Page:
Emerald City

Emerald City:

Since Gary and I and many of our friends have all had the experience of living on the west coast, and we often talk about how different it is to live and be a poet there, every trip back there for me is an exercise in constant comparison: flat vs. hilly, plain slices vs. sundried tomatoes, brick tenements vs. painted ladies, humidity vs. fog, irony vs. PC, pragmatism vs. eccentricity, and so on. If NY is suffused with excitement (and rage), SF is filled with a kind of dreaminess (and, well, smugness). Honestly, it’s kind of horrible to have had the full bicoastal experience. One wants the best of both, to “divide one’s time between,” if only such a thing were possible. At least I had a beautiful four days there, thanks to the kind organizers of the first all-Bollywood neo-benshi event, Summi Kaipa and Konrad Steiner, and I was lucky enough to be there for a warm, pre-wintry stretch that included an exquisitely balmy Halloween.

I acclimated on my first day wandering Telegraph Ave, photographing the unchanging scene of Julia Vinograd by the Café Mediterraneum, and buying at Moe’s Stephanie Young’s terrific new book, Picture Palace, which occasioned my meeting with the charming clerk, David Brazil (who would later dress in a blue sequin gown at Rodney’s reading on Halloween and regale us with trippy plots from Star Trek: TNG on the way back from the neo-benshi event in Stephanie’s car). Then I met with my dear friend Elia, whom I’ve known since I was nine years old, and sat among the redwoods in Tilden Park, thinking, this is where I’ll build my house, even if it displaces a fairy ring. Bambis roamed nearby and the panorama of the Bay Area spread twinkily out like, yeah, the Emerald City. In the evening I hung out with Chris Stroffolino at the Merritt Bakery and talked about, among other things, Wallace Stevens.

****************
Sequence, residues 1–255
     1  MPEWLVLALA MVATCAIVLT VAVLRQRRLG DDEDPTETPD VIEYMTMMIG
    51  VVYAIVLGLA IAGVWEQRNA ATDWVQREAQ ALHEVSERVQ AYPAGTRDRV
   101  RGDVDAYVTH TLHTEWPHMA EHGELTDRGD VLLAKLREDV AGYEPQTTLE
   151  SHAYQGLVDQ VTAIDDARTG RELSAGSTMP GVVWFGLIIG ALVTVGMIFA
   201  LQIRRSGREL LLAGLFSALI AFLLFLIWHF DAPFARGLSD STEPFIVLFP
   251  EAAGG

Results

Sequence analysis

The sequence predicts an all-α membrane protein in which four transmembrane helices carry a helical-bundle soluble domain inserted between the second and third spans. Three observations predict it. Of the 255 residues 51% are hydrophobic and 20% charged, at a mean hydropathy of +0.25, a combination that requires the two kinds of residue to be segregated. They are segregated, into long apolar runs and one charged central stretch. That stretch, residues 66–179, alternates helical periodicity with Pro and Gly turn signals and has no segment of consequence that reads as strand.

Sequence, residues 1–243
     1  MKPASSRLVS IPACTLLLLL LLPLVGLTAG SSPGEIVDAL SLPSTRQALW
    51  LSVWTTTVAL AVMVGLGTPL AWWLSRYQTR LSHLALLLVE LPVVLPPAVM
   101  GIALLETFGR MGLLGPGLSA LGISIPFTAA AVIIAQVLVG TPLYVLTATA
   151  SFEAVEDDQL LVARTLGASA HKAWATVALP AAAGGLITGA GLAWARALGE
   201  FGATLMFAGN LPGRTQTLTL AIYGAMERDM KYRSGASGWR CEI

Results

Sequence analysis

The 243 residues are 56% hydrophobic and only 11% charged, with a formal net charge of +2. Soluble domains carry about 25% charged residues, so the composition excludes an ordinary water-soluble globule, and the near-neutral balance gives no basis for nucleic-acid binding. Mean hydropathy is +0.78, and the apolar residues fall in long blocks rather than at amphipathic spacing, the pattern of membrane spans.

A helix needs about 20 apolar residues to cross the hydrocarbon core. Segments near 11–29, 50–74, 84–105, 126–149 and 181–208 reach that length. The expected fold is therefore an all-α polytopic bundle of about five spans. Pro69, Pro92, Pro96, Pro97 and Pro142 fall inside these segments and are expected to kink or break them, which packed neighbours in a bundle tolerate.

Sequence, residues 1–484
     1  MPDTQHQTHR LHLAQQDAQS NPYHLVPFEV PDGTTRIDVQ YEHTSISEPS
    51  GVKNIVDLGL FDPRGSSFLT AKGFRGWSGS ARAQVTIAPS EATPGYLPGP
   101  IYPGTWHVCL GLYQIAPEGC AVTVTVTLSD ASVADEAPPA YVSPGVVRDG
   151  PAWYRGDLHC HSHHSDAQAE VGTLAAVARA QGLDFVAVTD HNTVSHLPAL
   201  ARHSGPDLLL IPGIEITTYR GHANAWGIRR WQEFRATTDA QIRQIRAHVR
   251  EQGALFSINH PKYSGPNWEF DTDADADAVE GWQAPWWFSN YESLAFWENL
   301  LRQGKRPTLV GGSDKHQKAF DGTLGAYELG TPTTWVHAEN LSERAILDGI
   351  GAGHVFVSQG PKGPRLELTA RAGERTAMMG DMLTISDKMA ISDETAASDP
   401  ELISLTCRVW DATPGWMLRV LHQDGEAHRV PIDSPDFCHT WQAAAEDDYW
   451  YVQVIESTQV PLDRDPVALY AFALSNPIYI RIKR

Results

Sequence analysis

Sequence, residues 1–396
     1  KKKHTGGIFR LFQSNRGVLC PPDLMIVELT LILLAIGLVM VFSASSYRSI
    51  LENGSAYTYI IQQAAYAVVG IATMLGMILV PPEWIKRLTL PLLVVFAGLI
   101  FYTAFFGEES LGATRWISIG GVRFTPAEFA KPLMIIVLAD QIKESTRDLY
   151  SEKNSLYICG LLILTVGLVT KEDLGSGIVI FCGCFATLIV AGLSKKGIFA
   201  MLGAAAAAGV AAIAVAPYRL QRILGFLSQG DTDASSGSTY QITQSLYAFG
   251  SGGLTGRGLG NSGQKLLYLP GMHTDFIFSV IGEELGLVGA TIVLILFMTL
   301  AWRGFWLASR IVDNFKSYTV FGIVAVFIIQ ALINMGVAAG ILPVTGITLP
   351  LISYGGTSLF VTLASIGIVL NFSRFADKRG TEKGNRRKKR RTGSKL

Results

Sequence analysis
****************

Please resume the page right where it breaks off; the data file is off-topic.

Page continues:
Chris Stroffolino at the piano

The next day I walked around Lake Merritt, which my mother’s apt. rather conveniently overlooks, reveling in purple blossoms, cormorants, and twisty tree trunks. I went to the city and strolled the foggy, pre-Halloween fervor of Haight Street and its funny, goth shop windows before meeting dear friend Eve, her partner Mark, and daughter Tara. Then off to dinner with Liza and David and their bubbly new baby, Jacob.

window on Haight Street

On Halloween day, lucky enough to see a parade of kids from the local elementary school in costume, I lunched with Pat Reed, who told me of her old-time fiddling exploits. Then back into the city to go over my benshi at Konrad’s and hear Rodney and C.S. Perez read at Sara Larsen’s apt. C.S. Perez read a piece about the colonization of Guam interspersed with his address to the UN on the same topic. It was informative and moving. At first I thought Rodney had some sort of rosacea until I realized it was scary makeup. The thing is, these days he looks too much the Portland mountain man to be truly scary. His reading was warm (he seemed to be glowing to be back with this posse), dramatic, and flourishy as always. His biggest hit of the evening was a list of song titles from Diane Warren, hilarious in its inanity.

hair on Mission St.

C.S. Perez

the inimitable Rodney Koeneke


the best costume: (a) “Sage”

Stricken with a hypoglycemia headache, I walked with Konrad down to Church and Market to get some food, my camera at the ready, taking photos of the costumed celebrants. San Francisco on Halloween! Who could ask for anything more? Even our waiter was got up to look like Sweeney Todd.


On the next day, my mother and I shopped in the rain at the Emeryville mall. I remember when there was nothing in Emeryville but the mudflats, where my ex-boyfriend and I would hang out as teenagers. Now, H & M! and Old Navy! Say what? They had images of the indigenous people (Miwoks?) exhibited in the parking garage, to appease the spirits of the shellmound, I guess. I noted that they look a lot like the current Bay Area residents in terms of their fashion choices. We couldn’t find our car in that same parking garage, and hence I was late to meet old Japan friend R. Tapp in the Mission before the benshi extravaganza.